Gender Roles and Statuses
The Relative Status of Women and Men. Albania is a patriarchal society based on male predominance. Women are accorded subordinate roles. The communist Party of Labor did much to emancipate women during a revolutionary campaign in the late 1960s and early 1970s, but many of the gains of that social revolution have been reversed since the introduction of democracy and a free market economy. Old traditions have revived, and despite legal equality and acceptance in the workforce, women have much less representation in public life than they did under the former regime.
Marriage, Family, and Kinship
Marriage. Marriages in Albania are socially and legally restricted to heterosexual couples. They often are arranged at an early age in the countryside, traditionally by the parents of the groom with the help of a matchmaker rather than by the couple. Remaining unmarried is looked on as a great misfortune. In some mountain regions, the bride was stolen from her family, that is, spirited away by an armed bridegroom or by his male relatives and companions. This usually symbolic though occasionally real theft of a bride was also a common custom among the Italo-Albanians of Calabria. In other regions, it was customary to purchase a wife. In zones such as Mirditë and the northern mountains, the father, brother, or another male relative of the bride still presents the groom with a bullet wrapped in straw. The new husband is thus free to kill his wife with the approval of her family if she proves to be disobedient.
Albanian weddings are impressive festivities. They are virtually the only popular celebrations observed today and thus are taken very seriously. Whole villages and, in towns, hundreds of people may be invited to take part in a wedding banquet. The celebrations can last several days. Traditionally, weddings take place during the full moon to ensure offspring. Monogamy was always the rule in Albania, but polygamous marriages existed up to the beginning of the twentieth century in some areas, particularly if the first wife was not able to bear a son. Live-in concubines were not uncommon in the mountains up to World War II. Albanian women were as a rule faithful to their husbands. Since a wife was considered the property of her husband, adultery amounted to theft. Thus, cases of adultery were punished severely under traditional law. Premarital and extramarital sex was more prevalent in the northern highlands, the part of the country with the most rigid moral code. Divorce is now a common phenomenon.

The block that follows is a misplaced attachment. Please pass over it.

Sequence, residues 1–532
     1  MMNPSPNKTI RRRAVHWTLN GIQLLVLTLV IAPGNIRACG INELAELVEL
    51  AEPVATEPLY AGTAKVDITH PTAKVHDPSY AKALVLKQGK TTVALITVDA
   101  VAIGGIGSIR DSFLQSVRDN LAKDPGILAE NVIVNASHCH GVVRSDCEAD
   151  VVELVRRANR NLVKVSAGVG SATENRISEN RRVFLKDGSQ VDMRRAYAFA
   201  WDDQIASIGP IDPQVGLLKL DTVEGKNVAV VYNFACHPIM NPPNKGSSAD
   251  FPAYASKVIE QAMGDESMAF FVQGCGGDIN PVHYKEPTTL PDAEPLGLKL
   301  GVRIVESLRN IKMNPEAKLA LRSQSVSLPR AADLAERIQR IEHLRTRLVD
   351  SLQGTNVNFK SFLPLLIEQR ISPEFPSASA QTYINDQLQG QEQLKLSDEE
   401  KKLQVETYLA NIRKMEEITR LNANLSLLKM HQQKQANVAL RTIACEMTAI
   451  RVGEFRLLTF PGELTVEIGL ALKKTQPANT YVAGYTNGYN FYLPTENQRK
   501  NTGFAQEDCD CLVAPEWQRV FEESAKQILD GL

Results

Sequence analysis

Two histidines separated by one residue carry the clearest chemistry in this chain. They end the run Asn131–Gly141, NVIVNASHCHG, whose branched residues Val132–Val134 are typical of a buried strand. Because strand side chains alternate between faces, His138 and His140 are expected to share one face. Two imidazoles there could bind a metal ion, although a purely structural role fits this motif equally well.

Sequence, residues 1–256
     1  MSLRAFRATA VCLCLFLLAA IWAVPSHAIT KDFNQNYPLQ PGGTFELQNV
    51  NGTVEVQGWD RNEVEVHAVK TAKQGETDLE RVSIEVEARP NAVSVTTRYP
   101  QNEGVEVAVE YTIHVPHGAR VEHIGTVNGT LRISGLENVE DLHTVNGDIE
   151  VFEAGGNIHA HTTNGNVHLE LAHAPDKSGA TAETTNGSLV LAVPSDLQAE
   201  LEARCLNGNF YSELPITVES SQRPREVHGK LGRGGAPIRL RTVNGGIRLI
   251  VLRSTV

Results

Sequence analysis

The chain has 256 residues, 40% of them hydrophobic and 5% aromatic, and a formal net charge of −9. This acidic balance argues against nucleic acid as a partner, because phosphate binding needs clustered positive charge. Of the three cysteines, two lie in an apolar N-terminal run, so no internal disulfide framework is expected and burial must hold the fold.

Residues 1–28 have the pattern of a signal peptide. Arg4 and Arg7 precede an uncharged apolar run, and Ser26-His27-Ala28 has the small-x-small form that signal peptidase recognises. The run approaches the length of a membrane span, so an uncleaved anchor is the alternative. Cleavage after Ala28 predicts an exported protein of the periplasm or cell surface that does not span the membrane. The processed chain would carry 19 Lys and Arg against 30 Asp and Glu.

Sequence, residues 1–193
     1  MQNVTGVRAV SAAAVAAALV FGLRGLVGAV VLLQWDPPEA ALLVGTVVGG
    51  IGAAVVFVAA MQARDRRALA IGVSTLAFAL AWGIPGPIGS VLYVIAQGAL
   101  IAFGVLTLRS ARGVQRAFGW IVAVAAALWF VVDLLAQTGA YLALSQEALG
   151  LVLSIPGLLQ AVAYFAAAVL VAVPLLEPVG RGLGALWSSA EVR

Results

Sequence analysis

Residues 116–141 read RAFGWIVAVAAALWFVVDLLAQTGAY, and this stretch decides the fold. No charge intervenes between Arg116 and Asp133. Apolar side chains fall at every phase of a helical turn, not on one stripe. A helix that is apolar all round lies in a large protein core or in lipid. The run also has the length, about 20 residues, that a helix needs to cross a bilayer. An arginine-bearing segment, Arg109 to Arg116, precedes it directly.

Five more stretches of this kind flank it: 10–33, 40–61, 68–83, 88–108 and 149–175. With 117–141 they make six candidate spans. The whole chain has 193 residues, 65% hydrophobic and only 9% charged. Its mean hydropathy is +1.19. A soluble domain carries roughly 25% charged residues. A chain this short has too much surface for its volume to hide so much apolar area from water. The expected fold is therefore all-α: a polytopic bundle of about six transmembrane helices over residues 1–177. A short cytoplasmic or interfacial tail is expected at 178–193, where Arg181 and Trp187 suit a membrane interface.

Child Rearing and Education. Albanians have always lived in a world of extreme hardship and deprivation. Underdevelopment and a high incidence of infant mortality have been compounded by warring and blood feuding that at times decimated the male population. Reproduction, as the key to survival, therefore took on a more elementary significance among Albanians than it did among neighboring peoples. Even today, Albanian birthrates are significantly higher than those anywhere else in Europe. As in other third world cultures, it is believed that the more children, especially male children, one raises, the more security one will have in one's old age. A childless marriage is considered a great misfortune, and a woman living without a husband and children is inconceivable.
Given the extremely patriarchal nature of Albanian society, greater importance is attributed to the birth of sons than to that of daughters. Even today, pregnant women are greeted with the expression të lindtënjëdjalë ("May a son be born"). In Mirditë and the mountains of the north, the birth of a son was marked by rejoicing throughout the tribe and the firing of rifles. It was often the custom in the north of Albania for a woman to be wed officially only after she had given birth to her first son. In Berat, the main beam of a house was painted black at the birth of a girl as a token of the family's disappointment.
Male children generally were better treated, for instance, by being better protected against the "evil eye." As the Kosova scholar Mark Krasniqi (born 1920) points out, boys are given names such as Ujk ("Wolf"), Luan ("Lion"), and Hekuran ("The Iron One"), whereas girls are named Mjafte ,or Mjaftime ("Enough"), Shkurte ("The Short One"), Mbarime ("The Last One"), and Sose ("The Final One").